Analysis: Islamic State ramps up attack claims in Somalia

Over the last month, the Islamic State has conducted several assassinations inside Somalia, representing an increase in the number of attacks emanating from its fledgling East African affiliate. In four of the five claims since April 15, the assassinations took place in Mogadishu.

On April 15, the Islamic State’s news outlet, Amaq News, claimed that militants loyal to the group assassinated a member of the Somali military in the southern town of Afgooye. A little over a week later, a similar Amaq statement claimed a Somali intelligence officer was murdered in the streets of Mogadishu. Just four days later, another intelligence officer was reportedly gunned down in the Somali capital.

Last week, Amaq claimed a Somali policeman was assassinated in Mogadishu. While yesterday, another intelligence officer in Mogadishu was murdered by an Islamic State-loyal gunman.

So far in 2018, the Islamic State has conducted at least 13 attacks inside Somalia. That number is set to outpace both last year and 2016, according to data culled from Amaq News and Islamic State central releases.

It is unclear exactly how many claims made by the group are legitimate, as few are reported by local media or proven with visual evidence. Some assassination claims, however, are followed up with photo or video proof. That said, the statements still indicate the types of operations and claimed areas of operation of the organization inside Somalia.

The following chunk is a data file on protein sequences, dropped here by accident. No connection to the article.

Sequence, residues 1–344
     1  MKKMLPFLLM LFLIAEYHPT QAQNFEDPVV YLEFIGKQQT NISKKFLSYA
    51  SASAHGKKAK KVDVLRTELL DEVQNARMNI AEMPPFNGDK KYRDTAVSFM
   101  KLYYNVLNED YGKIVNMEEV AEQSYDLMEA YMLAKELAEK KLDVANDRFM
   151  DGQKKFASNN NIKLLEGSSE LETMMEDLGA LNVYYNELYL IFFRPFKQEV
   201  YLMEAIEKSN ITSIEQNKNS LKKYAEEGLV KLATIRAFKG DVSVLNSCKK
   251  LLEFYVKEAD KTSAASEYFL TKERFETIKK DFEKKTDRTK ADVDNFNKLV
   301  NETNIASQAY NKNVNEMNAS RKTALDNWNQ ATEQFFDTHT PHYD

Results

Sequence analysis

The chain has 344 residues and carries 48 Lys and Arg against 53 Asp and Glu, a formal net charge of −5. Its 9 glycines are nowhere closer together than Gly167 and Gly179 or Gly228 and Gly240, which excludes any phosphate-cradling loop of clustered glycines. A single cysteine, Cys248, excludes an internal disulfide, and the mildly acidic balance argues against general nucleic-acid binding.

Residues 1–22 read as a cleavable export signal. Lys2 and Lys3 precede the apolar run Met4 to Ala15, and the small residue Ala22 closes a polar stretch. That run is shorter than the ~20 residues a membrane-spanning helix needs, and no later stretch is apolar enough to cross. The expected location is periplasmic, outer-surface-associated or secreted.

The claims were broken down into categories of “types of operations,” “targets,” and “locations.” The Somali military and police, as well as the Puntland Security Forces, were combined into “Somali Security Forces,” while the Somali intelligence agency, NISA, remained separate. Attacks on Somali government employees or buildings were categorized under “Somali government.” Two reported locations, Jarur in Puntland, and Hawa Abdi in the Middle Shabelle, could not be geolocated and were not added to the map above.

Of the total 45 claimed operations, 14 have occurred inside Mogadishu and a further three were reported within the city’s outskirts or suburbs. At least 12 were inside Afgooye. Other attacks were reported by the group in Bosaso, Baidoa, Bay, and Qandala. Operations also reportedly took place in lesser known towns, like Jarur in Puntland or Quf Jadud in western Somalia.

The most common type of operations are targeted assassinations, with Somali intelligence officers of NISA being the primary targets. The Islamic State has claimed at least five improvised explosive device (IED) blasts in Somalia, including its first ever claim in the country on April 25, 2016. Eleven of the claims included either assaults or clashes with Somali security forces, while a further six involved hand-grenade attacks.

African Union forces were the target in only four claims, with members of the Somali security forces or intelligence officials being the primary targets of the attacks. Only one government employee, a financial officer in Afgooye, and a government office in an unspecified town in Bay, has been targeted by Islamic State-loyal militants.

The Islamic State has claimed just one suicide bombing in the country. Last May, a suicide bomber detonated his explosives at a security checkpoint near the Juba hotel in the northern city of Bosaso. It has also only claimed capturing one city, Qandala in Oct. 2016, a city it held for two months before a Puntland military campaign recaptured it.